Who Are Israel's Friends?

Memo to: Prime Minister Benjamin Netanyahu From: Director General, Ministry of Friendship Subject: Our Friends

An Op Ed in the New York Times by UN Secretary General Ban Ki-moon headlined "Don't Shoot the Messenger, Israel," raises the issue once again of who are our real friends in the world.

The Secretary-General, unfortunately, has crossed himself off that list. He wrote, "Nothing excuses terrorism. I condemn it categorically. It is inconceivable, though, that security measures alone will stop the violence."

So far so good. But then, he went on the say, "As I warned the Security Council last week, Palestinian frustration and grievances are growing under the weight of nearly a half-century of occupation. Ignoring this won't make it disappear. No one can deny that the everyday reality of occupation provokes anger and despair, which are major drivers of violence and extremism and undermine any hope of a negotiated two-state solution."

Those sentiments are unacceptable. We reject the argument that the 1.8 million Palestinians fortunate enough to live in the liberated territories of Judea and Samaria under our benevolent military rule have anything at all to complain about. They resort to violence because they hate us, they always have and always will and nothing we do, or don't do, will ever make a difference.

Unfortunately, the US ambassador to Israel, Dan Shapiro, can no longer be considered a friend after delivering a speech last month in which he questioned why we were steadily expanding our settlements. He said: "Too many attacks on Palestinians lack a vigorous investigation or response by Israeli authorities; too much vigilantism goes unchecked; and at times there seem to be two standards of adherence to the rule of law: one for Israelis and another for Palestinians."

Well of course. If we applied Israeli law equally to everyone who lives in the West Bank, we'd be accused by the entire world of annexing the territory. That time will come. Meanwhile, Israelis are Israelis and have all the rights of citizens and Palestinians are Palestinians and do not.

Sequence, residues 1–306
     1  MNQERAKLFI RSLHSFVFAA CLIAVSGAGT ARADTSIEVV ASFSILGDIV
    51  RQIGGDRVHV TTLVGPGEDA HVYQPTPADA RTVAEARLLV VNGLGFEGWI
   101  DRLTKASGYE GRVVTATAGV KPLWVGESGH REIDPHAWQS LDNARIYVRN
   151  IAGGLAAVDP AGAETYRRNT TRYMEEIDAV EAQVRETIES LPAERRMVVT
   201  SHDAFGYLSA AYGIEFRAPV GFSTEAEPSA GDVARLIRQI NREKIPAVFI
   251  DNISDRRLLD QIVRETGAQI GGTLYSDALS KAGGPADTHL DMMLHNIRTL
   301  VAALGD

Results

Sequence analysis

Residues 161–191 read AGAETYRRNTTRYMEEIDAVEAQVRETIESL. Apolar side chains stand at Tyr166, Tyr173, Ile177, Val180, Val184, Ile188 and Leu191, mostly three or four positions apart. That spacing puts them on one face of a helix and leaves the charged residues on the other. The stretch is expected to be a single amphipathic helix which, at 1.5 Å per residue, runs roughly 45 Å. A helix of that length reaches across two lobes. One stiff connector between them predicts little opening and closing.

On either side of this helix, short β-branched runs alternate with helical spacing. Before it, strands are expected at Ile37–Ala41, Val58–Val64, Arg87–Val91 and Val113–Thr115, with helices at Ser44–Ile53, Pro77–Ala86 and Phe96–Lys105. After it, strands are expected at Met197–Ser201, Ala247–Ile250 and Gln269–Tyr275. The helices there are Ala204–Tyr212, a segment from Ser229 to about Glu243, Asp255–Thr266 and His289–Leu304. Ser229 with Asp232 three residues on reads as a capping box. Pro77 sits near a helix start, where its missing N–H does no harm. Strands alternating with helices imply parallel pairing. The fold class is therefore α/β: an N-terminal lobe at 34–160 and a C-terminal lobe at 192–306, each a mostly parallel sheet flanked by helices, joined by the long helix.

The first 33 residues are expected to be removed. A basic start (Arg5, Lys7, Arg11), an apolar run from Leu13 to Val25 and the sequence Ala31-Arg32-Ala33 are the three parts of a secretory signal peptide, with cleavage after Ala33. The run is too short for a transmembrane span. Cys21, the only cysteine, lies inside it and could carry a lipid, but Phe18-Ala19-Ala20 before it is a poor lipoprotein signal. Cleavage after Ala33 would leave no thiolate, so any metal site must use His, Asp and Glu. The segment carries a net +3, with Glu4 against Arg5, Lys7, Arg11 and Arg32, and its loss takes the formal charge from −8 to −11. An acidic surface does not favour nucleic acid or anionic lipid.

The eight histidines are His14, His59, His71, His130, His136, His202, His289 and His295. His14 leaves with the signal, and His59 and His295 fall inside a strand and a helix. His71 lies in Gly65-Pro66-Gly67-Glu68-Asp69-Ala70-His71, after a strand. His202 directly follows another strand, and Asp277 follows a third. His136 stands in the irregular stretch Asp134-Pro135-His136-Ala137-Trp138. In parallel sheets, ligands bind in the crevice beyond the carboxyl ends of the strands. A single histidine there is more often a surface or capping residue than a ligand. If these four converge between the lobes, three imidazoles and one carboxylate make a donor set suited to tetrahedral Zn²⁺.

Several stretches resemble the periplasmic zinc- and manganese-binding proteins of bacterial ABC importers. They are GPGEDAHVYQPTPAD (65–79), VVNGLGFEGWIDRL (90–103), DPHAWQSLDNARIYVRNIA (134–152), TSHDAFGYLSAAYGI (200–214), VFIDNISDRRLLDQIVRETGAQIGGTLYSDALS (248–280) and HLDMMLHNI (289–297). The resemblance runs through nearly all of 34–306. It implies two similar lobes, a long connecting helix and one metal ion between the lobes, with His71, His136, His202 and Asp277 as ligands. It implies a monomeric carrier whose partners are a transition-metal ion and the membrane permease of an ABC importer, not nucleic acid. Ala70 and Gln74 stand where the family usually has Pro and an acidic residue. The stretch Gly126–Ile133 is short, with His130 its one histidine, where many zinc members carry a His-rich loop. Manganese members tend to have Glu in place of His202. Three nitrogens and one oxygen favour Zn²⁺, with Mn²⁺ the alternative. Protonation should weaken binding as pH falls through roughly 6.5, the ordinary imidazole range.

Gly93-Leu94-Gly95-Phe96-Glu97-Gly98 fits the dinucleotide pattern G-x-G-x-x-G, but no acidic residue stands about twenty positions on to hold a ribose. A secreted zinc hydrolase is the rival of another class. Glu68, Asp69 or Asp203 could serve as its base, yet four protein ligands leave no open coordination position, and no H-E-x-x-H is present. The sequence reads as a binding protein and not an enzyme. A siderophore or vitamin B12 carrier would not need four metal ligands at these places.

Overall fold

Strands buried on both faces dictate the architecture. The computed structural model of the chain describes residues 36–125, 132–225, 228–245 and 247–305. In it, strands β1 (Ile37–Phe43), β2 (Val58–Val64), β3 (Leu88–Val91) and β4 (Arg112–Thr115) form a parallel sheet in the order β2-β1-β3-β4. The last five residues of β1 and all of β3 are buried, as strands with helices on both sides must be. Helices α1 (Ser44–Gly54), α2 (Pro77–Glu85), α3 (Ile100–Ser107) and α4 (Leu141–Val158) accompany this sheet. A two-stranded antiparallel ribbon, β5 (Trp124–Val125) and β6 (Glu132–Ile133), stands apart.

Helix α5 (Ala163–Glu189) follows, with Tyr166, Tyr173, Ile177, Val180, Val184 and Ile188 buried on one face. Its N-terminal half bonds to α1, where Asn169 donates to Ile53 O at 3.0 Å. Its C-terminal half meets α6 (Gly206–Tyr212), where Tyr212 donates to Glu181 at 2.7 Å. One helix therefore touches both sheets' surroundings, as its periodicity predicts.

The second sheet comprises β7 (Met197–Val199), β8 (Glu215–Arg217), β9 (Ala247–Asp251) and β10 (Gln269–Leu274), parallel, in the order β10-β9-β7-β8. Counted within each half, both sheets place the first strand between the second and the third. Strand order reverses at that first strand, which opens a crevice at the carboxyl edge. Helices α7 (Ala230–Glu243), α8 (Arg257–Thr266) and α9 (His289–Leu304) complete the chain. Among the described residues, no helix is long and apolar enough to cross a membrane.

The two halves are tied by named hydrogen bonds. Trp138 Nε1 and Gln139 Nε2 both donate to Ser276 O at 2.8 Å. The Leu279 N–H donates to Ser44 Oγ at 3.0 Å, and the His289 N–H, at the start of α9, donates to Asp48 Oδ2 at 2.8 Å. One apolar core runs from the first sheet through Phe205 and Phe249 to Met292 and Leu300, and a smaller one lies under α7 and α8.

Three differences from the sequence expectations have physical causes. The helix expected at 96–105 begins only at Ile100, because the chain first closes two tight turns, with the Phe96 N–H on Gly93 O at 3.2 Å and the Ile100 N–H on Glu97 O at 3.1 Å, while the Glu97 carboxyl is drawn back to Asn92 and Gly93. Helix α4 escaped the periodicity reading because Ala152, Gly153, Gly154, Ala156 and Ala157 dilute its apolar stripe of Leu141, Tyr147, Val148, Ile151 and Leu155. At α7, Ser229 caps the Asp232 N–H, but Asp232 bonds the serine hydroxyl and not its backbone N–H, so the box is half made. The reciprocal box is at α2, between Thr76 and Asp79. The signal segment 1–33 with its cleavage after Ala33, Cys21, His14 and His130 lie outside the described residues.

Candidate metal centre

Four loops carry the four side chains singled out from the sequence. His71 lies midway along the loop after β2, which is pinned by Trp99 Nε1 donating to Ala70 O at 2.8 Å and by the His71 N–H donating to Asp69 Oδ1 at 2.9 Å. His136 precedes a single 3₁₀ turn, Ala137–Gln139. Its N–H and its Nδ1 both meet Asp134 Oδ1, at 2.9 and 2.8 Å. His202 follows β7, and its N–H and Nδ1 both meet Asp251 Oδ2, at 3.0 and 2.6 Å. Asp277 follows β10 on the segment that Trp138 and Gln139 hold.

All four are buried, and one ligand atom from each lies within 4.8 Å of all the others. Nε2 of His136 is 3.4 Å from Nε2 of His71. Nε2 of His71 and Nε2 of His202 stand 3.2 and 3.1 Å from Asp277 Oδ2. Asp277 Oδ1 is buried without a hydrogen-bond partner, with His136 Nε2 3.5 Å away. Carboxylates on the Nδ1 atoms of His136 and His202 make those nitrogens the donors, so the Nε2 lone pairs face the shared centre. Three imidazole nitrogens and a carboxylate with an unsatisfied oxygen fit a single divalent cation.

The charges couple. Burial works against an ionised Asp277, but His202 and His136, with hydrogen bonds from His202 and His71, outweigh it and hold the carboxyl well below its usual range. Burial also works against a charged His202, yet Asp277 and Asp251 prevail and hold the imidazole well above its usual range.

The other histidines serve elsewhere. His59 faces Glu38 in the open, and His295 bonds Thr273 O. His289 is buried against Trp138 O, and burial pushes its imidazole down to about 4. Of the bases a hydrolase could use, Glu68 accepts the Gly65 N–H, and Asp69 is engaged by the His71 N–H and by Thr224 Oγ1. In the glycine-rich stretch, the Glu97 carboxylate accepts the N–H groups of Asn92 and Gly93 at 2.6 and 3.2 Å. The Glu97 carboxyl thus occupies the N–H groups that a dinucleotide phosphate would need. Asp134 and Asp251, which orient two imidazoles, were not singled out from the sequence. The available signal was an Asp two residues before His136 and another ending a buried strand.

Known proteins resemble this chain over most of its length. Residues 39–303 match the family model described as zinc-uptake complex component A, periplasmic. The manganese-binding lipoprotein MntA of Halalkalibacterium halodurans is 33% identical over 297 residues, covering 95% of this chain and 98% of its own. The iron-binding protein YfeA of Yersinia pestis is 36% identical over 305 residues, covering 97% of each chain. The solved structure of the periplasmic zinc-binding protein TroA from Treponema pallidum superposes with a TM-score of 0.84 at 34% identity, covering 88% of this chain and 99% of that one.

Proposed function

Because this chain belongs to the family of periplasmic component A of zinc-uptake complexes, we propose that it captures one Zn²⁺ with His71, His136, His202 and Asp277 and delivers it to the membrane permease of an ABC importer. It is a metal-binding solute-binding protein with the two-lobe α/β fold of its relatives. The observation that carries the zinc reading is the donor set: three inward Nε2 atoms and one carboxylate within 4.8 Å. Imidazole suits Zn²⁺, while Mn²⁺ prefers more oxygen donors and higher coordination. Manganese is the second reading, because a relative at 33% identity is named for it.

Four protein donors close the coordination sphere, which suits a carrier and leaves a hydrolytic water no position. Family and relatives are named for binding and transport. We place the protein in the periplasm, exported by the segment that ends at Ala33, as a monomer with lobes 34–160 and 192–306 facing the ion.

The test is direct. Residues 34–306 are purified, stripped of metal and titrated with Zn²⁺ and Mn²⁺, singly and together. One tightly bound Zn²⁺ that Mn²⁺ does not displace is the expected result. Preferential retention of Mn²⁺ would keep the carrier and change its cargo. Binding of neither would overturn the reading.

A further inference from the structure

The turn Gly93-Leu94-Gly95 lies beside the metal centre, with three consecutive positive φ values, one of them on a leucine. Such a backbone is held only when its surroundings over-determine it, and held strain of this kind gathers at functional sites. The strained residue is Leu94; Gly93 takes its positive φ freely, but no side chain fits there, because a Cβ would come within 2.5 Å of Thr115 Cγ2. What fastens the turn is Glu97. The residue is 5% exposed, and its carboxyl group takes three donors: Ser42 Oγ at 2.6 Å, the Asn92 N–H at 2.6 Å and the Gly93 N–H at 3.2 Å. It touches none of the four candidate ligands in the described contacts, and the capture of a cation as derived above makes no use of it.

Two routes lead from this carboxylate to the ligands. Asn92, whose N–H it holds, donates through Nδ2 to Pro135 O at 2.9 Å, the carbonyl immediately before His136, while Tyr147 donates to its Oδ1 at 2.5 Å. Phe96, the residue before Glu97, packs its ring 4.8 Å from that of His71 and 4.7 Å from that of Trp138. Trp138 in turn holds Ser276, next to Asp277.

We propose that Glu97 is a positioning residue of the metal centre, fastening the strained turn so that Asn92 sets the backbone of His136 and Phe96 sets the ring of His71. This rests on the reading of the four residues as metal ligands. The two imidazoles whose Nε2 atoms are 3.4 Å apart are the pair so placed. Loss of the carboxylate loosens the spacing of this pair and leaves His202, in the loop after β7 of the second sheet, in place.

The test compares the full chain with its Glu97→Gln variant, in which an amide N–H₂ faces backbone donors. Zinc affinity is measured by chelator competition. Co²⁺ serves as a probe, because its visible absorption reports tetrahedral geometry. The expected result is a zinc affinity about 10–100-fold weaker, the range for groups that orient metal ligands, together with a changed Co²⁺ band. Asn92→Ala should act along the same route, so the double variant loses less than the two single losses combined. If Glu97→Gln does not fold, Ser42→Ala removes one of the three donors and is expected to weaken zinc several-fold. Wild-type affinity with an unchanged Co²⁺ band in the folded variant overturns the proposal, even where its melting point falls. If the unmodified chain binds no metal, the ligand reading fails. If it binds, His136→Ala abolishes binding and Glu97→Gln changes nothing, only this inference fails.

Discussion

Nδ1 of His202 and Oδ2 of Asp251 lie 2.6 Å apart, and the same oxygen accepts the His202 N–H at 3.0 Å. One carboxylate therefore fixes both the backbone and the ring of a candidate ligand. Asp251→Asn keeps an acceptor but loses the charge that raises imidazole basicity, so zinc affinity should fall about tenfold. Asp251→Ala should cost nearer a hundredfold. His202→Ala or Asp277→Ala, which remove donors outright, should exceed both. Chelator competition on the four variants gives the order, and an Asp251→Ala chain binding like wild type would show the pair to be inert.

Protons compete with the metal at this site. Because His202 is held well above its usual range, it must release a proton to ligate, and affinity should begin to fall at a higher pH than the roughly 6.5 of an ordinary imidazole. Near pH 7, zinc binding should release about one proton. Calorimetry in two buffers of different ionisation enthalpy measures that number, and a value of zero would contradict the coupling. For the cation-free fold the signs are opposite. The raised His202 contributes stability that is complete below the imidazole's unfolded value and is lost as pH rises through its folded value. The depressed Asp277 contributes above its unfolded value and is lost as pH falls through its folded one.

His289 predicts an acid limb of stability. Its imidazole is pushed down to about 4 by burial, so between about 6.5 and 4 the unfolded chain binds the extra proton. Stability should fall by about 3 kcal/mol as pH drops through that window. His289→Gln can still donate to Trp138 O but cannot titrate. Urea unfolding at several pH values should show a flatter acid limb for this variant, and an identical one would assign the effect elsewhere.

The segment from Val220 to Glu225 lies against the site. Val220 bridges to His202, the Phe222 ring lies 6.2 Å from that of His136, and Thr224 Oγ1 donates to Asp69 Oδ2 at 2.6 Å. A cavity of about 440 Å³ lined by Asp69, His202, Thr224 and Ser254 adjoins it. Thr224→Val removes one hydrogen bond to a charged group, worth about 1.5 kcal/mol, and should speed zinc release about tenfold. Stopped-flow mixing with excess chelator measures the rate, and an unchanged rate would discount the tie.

We are guided by the following principle: to be a true friend of Israel, a person, state or institution must agree 100 percent with everything your government does, Mr. Prime Minister. It is not enough to care about our future, to be deeply concerned about our security, to uphold our right to exist in peace, to support military aid and our qualitative military advantage in the region, to oppose boycotts and double standards, to support and uphold our democratic values and to rally to our side when we are attacked or threatened.

Secretary of State John Kerry has long been crossed off the list of friends but confirmed the wisdom of this decision when he recently warned that violence, settlement-building and demolitions of Palestinian homes were "imperiling the viability of a two-state solution." He said the number of settlers had increased by tens of thousands in five years - implying that this was somehow a negative.

President Obama crossed himself off the list years ago for transgressions too numerous to list. Hillary Clinton, still leading in the campaign to become the next Democratic presidential nominee, still needs to do more to erase our suspicion after she kissed the wife of then-Palestinian leader Yasser Arafat back in 2000. She's apologized for that numerous times and professes her friendship at every opportunity - but let's face it, she's no Marco Rubio.

The European Union - all 28 members - has not been a true friend for years but when they recently put forward rules to label products from the settlements as products from the settlements, they joined the ranks of our enemies. They may think there is a Green Line dividing our historic homeland -- but we know better. Settlement products are Israeli products, no matter what anyone says.

Some of the EU members are more fanatically against us than others. Top of the list is France, which had the temerity to suggest convening a peace conference - an idea that is as ridiculous as it sounds -- and said it would recognize the so--called "State of Palestine" if nothing came of this. To echo your own wise words, Mr. Prime Minister, there will be no state of Palestine on your watch.

Apart from these non-friends, we also have many domestic enemies - authors, intellectuals, professors, journalists, leftists, peaceniks, Israeli Arabs and various non-governmental organizations which get money from foreign democracies to monitor what they laughingly call "civil rights." Fortunately, with pending legislation you have backed, we will soon clip their wings.

You may ask, Mr. Prime Minister, who are our true friends? That will be the subject of a future memo - unfortunately quite a short one.